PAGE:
“I know,” I say quietly.


Three dead. My reaction to that was strange, even to me. The emotional part, the normal part thought that it was horrible. The cold, logical, rational part said that it wasn’t bad. Not nearly as bad as it could be.


Not as bad as it had been, other times.


“How’d it kill them?” I asked, dreading the answer. I’d heard from some of the others that they felt a morbid curiosity about that sort of thing, but I didn’t. I asked because I might need to know, not because there was any part of me that wanted to.


He looked at me and then looked away. “You don’t want to know,” he said. “Demons are…there are different kinds. They embody concepts, and how bad they are depends on what kind of concept they are. Some of them aren’t really bad at all, they just seem that way if you look at them out of context. But this one is bad. It’s as bad as it gets.”


“Okay,” I said. If he said I didn’t want to know, I believed him. “So what’s the problem if they killed it already?”


“That’s just it,” he said. “They didn’t. Six hours later, one of the policeman on site killed his mother-in-law and then shot himself. Different method, but enough in common to make you think twice about it. He bled out on the way to the hospital, and then the next day one of the EMTs was on a domestic abuse call and killed the abuser. Again, just enough similarity in the methodology to make some connections.”


“So the demon’s changing hosts,” I said, thinking it through. “It uses one until it’s useless or dying, then moves to another one. It takes time to twist them far enough to be useful, and when it does there’s still something left of them. Enough to choose targets in a way that makes sense to them.”


“Right,” he said. “And I think I know the next one. A bystander at the scene, who’s holed up across town. Hostage situation, in the worst way.”


“You sure this is a good idea?” I asked. “I mean, if it gets into one of us…we could do a lot more damage than some random EMT.”


“I can keep it from jumping hosts again,” he said. “I just need you to take it down while I do. Kill the host when it can’t change, and it should be sent back to the spirit world.”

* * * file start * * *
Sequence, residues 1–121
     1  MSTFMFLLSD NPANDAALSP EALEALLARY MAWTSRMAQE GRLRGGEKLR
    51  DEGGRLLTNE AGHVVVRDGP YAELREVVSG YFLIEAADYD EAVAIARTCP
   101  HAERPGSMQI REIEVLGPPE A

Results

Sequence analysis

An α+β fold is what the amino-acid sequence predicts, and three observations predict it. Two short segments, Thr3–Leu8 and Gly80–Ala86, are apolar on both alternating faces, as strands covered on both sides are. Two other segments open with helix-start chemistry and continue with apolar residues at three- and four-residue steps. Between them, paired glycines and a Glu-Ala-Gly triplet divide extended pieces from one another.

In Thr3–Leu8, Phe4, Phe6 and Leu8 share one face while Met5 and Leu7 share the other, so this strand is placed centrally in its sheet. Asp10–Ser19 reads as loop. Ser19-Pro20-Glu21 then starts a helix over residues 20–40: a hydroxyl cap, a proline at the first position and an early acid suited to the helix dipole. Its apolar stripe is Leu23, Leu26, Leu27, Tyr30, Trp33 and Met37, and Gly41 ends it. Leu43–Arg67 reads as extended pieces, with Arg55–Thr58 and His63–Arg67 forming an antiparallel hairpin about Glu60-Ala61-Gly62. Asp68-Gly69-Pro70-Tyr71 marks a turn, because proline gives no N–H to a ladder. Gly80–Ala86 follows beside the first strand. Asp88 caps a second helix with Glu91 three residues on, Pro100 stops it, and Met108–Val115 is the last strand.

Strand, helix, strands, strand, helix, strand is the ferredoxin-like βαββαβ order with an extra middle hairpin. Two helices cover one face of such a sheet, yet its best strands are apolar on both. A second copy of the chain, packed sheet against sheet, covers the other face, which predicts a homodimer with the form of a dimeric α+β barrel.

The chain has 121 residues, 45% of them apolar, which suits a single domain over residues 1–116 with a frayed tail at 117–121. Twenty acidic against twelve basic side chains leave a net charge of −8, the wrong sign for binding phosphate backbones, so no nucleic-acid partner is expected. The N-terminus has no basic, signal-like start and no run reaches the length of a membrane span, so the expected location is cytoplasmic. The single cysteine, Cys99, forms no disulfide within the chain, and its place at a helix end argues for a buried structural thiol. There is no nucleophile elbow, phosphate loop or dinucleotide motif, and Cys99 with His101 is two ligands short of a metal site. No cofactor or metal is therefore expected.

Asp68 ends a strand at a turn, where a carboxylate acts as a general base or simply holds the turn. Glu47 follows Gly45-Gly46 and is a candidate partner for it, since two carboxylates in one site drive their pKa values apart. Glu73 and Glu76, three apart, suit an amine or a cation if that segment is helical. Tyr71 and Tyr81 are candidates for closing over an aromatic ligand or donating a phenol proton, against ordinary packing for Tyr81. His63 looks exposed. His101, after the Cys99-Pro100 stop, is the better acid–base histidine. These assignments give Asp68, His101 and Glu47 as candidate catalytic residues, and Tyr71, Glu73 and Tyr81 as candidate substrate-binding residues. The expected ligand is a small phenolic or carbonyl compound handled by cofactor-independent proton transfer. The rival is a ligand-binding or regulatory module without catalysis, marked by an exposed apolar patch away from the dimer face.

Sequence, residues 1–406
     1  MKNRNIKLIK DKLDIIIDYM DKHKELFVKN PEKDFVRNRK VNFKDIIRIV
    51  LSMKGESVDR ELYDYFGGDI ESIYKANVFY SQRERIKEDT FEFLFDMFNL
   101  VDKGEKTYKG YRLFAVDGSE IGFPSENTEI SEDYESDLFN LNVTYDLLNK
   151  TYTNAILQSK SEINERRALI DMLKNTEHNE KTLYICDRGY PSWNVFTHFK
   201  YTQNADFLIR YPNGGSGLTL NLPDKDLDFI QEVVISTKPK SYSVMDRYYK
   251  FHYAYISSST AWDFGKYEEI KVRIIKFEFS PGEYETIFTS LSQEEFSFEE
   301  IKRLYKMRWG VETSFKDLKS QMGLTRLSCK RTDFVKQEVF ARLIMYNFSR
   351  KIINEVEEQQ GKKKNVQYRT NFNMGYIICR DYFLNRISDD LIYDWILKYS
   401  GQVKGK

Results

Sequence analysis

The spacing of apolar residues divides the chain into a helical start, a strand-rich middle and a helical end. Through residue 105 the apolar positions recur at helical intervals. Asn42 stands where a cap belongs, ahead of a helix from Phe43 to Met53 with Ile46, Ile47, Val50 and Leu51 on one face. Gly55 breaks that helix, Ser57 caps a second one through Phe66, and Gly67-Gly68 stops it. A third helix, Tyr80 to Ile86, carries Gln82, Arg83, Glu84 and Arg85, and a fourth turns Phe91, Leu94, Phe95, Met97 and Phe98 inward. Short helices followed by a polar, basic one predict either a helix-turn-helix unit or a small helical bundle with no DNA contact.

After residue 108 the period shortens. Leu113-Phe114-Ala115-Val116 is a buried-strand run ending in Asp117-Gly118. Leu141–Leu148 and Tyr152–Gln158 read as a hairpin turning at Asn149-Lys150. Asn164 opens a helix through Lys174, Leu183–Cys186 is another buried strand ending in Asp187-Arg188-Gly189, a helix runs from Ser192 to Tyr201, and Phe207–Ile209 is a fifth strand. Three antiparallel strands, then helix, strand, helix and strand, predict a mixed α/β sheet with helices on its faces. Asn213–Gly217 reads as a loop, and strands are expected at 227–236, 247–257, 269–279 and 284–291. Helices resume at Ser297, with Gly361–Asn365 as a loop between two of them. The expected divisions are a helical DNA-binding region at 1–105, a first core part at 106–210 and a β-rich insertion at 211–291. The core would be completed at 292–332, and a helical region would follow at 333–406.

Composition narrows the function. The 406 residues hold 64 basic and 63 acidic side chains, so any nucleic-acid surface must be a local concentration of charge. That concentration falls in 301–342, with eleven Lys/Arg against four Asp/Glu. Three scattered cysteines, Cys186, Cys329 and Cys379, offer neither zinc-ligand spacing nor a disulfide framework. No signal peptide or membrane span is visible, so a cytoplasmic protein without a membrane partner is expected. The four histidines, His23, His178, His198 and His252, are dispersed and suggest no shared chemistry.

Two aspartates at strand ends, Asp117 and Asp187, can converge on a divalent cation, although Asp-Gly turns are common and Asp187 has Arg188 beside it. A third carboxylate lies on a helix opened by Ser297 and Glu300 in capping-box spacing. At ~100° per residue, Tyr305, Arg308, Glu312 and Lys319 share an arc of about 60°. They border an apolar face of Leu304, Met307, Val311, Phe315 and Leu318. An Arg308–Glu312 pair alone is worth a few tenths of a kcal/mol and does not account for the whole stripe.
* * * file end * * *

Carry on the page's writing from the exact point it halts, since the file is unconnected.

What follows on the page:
“Okay,” I said. “Let’s go.”


He isn’t smiling anymore. He doesn’t need to be. “I could fix that,” he says. “Let me in, and I could make you into what you need to be. Make you harder, make it so you can make the choices you need to. I’d even let you go after. No harm done. I promise.” He smiles again, and it’s a parody, a caricature of a real smile. “You know we keep our promises.”


I look away again, intentionally looking at the victims for the second time. There are three of them, two men and a child. One of the men is dead, hanging from the ceiling from ropes tied around his ankles, bled out from two dozen small cuts on his face and hands.


He’s the lucky one.


The child is burned, burned badly. The monster heated metal wires on the stove and pressed them against her skin, branding her. Over and over again, until it was impossible to see what shapes the burns had initially been, they overlapped so much. She’d been cut as well, but the knife had been heated, so that the wounds were cauterized. She isn’t bleeding.


But she is alive. She is awake. She’d have been screaming, if she still had a tongue.


The other man is behind me. I kept walking past him, specifically so that I wouldn’t have any chance of seeing him again. My power—my magic, as much as I hate to use that word—still tells me what it looks like, but it lacks the visceral immediacy of seeing it with my own eyes.


But now I look back and see him again. He is lying on the ground, on his stomach, with his arms and legs tied down in an X shape. He pulled against the bindings, going past the point of rope burn until he started tearing the skin from his body, and just kept going after that.


The reason for his struggles is obvious. There are two holes in his back. The monster sliced him open with a hot knife, opening long gashes on either side of his spine. Then he had reached in and broken off the man’s ribs from the spine, pulling them aside, and pulled the man’s lungs out, resting them on his back.


I’d heard of it before. The blood eagle, they’d called it. The cruelest means of execution the Vikings could come up with.


Except it was supposed to kill you before they’d actually gotten the lungs out of your body. I didn’t think this man had been that lucky.


The room stinks of blood, of feces. Underlying that is the sharper scent of vinegar and alcohol. He’d mixed them together with salt and poured it over the wounds.


Make it so that you can make the choices you need to, he’d said.


“You already did,” I said, looking back to him.


He smiles again. “There’s a piece of me in you now,” he says conversationally. “Even if you try to forget. You can’t unsee this.”


I pull the trigger, ending his life. It might have been just a bystander before, but you can’t come back from something like that. The demon broke him, twisted him, and there was nothing on earth that could bring him back. Mike had said that, and after seeing the things he’d done here, I believed it.


I shot the girl as well, and then went to throw up.